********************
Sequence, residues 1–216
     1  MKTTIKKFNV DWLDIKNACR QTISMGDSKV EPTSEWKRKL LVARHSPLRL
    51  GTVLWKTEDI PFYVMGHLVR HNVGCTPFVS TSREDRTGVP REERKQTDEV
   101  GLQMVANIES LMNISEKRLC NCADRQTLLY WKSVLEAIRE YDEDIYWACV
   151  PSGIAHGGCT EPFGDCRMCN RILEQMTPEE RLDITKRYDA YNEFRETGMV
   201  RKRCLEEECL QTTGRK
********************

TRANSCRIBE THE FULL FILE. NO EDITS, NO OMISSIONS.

Sequence, residues 1–216
     1  MKTTIKKFNV DWLDIKNACR QTISMGDSKV EPTSEWKRKL LVARHSPLRL
    51  GTVLWKTEDI PFYVMGHLVR HNVGCTPFVS TSREDRTGVP REERKQTDEV
   101  GLQMVANIES LMNISEKRLC NCADRQTLLY WKSVLEAIRE YDEDIYWACV
   151  PSGIAHGGCT EPFGDCRMCN RILEQMTPEE RLDITKRYDA YNEFRETGMV
   201  RKRCLEEECL QTTGRK